Saturday, April 8, 2017

Designing B-47 Maneuvers

The B-47 was the first swept-wing bomber. Boeing aerodynamicist Robert (Bob) Montgomery stopped by Pease AFB and briefed emerging maneuvers possible with the B-47.
B-47 Stratojet & Pease AFB
The wing entered the jet age in June 1955 when it received the first all-jet bomber: the B-47 Stratojet. The wing moved its people and equipment to Pease AFB, N. H., in August 1958. There, it continued to function as an integral part of Strategic Air Command.

I have no idea what was said, but it is fun to watch the B-47 do barrel-rolls, half-cuban eight, and Immelman loops in this video.
I have watched that video several times over the last 30 years and still burst with pride at our capacity to engineer and willingness to try some crazy stuff.  The first time was at the Boeing Employee Flying Association old chalet at Boeing Field - someone had a 16mm copy - probably mid 80s.  Youtube is such a great resource!

It was only when I came across the clip from the Peace AFB newspaper did it occur to be that (my Father-in-Law) Bob had played a role in designing the maneuvers when he first joined Boeing to work on the B-47. Of course, not once did I ever talk with him about these maneuvers (not knowing his contributions), to which he would have had so much insight. May he rest in peace, and revel from his prime, when he visited Pease.

These maneuvers were designed for "toss bombing" nuclear ordinance, but were found to create too much fatigue on the airframe to be widely practiced.
You may recall Tex Johnston did a famous barrel roll.
I heard Tex talk about this (and the invention of the mach meter), how it was such an easy maneuver. Well, watch the video of the B-47 and you will agree.

On swept wings (stop the presses):
In May 1945, the von Kármán mission of the Army Air Forces inspected the secret German aeronautics laboratory near Braunschweig. On von Kármán's team was the eminent chief of the technical staff at Boeing, George S. Schairer. He had heard about the controversial swept-wing theory of R. T. Jones at Langley, but seeing models of swept-wing aircraft and extensive supersonic wind-tunnel data generated by the Germans, the concept was decisively confirmed. He wired his home office: "Stop the bomber design", and changed the design of the B-47 wing.

Analysis work by Boeing engineer Vic Ganzer suggested an optimum sweepback angle of about 35 degrees.[6] Boeing's aeronautical engineers modified their Model 432 design to include swept wings and tail, resulting in the "Model 448", which was presented to the USAAF in September 1945. The Model 448 retained its four TG-180 jet engines in its forward fuselage, with two more TG-180s in the rear fuselage. The flush-mounted air intakes for the rear engines were inadequate, while the USAAF disliked the installation of engines within the fuselage, considering it a fire hazard.

The engines were moved out to streamlined pods (pylon mounted) under the wings, leading to the next iteration, the Model 450, which featured two TG-180s in a twin pod mounted on a pylon about a third of the way outboard on each wing, plus another engine at each wingtip. The Army Air Force liked this new configuration, and so Boeing's team of engineers continued to refine it, with the outer engines being moved further inboard, to about 3/4 of the wingspan. The thin wings provided no room into which wheels could be retracted, so a "bicycle landing gear" was chosen, with the two main gear assemblies arranged in a tandem configuration and outrigger struts fitted to the inboard engine pods. As the landing gear arrangement made rotation (i.e., lifting the nose during takeoff) impossible, the landing gear was designed so that the aircraft rested on the ground at the proper angle for takeoff.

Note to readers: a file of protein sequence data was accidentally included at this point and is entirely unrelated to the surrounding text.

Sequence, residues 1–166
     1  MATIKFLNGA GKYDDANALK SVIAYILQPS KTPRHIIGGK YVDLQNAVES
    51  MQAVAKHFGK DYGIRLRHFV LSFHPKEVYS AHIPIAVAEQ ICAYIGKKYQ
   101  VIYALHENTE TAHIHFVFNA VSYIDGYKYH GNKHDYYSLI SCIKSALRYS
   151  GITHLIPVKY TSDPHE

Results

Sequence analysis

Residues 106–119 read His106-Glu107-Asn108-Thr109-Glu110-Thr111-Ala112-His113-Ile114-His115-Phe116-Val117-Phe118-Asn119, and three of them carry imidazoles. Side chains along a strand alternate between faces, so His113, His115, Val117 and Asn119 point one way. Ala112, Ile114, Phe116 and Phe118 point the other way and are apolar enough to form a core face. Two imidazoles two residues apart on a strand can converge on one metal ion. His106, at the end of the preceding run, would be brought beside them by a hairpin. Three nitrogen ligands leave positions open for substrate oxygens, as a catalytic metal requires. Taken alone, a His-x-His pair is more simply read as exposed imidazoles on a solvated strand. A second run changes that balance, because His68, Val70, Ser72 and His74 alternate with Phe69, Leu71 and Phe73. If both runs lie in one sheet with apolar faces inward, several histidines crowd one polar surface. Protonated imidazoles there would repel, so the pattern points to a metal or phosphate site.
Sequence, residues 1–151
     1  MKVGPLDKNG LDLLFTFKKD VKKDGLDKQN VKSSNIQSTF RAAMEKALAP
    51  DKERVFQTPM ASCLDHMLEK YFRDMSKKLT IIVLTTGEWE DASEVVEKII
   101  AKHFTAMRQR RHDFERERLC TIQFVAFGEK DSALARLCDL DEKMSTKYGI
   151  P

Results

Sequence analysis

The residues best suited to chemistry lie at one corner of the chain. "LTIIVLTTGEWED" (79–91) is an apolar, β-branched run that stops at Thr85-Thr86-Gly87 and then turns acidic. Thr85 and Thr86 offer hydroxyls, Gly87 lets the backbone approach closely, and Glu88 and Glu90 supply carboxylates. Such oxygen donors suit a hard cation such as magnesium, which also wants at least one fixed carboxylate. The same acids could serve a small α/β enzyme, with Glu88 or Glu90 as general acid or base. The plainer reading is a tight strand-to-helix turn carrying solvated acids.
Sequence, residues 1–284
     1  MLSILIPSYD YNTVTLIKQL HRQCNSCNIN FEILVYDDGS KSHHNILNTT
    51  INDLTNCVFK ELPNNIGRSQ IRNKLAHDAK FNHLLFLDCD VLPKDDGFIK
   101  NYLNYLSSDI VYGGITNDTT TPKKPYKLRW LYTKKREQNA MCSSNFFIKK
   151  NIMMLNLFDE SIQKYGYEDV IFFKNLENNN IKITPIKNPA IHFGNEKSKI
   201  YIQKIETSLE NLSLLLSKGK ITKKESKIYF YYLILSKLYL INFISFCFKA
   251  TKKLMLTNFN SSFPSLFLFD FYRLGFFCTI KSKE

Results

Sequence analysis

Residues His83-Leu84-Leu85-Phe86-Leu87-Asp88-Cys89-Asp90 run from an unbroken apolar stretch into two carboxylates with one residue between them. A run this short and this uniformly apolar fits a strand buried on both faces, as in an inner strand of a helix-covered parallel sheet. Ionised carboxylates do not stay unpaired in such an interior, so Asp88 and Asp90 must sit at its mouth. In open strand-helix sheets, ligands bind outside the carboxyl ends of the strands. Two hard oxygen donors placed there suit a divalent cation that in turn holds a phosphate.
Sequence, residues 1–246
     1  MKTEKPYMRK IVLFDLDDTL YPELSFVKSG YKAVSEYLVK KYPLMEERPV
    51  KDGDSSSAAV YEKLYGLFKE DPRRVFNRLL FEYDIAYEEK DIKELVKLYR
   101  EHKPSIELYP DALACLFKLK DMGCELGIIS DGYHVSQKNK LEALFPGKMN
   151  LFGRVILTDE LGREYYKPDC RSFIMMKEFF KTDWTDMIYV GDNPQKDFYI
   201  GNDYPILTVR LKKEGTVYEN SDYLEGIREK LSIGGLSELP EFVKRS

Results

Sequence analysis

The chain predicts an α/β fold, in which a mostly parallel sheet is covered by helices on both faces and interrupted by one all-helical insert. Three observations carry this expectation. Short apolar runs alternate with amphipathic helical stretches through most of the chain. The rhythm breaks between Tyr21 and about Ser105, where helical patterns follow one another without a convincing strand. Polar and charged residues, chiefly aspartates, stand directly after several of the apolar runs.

Drag chute
The XB-47A Stratojet bomber, an icon of aerospace history, returned to Edwards Air Force Base (2016)

Stay tuned!

Peter Lemme

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Peter Lemme has been a leader in avionics engineering for 35 years. He offers independent consulting services largely focused on avionics and L, Ku, and Ka band satellite communications to aircraft. Peter chairs the SAE-ITC AEEC Ku/Ka-band satcom subcommittee, developing ARINC 791 and 792 characteristics and contributes to the Network Infrastructure and Interfaces (NIS) subcommittee developing Project Paper 848, standard for Secure Broadband IP Air/Ground Interface.
Peter was Boeing avionics supervisor for 767 and 747-400 data link recording, data link reporting, and satellite communications. He was an FAA designated engineering representative (DER) for ACARS, satellite communications, DFDAU, DFDR, ACMS and printers. Peter was lead engineer for Thrust Management System (757, 767, 747-400), also supervisor for satellite communications for 777, and was manager of terminal-area projects (GLS, MLS, enhanced vision).
An instrument-rated private pilot, single engine land and sea, Peter has enjoyed perspectives from both operating and designing airplanes. Hundreds of hours of flight test analysis and thousands of hours in simulators have given him an appreciation for the many aspects that drive aviation; whether tandem complexity, policy, human, or technical; and the difficulties and challenges to achieving success.

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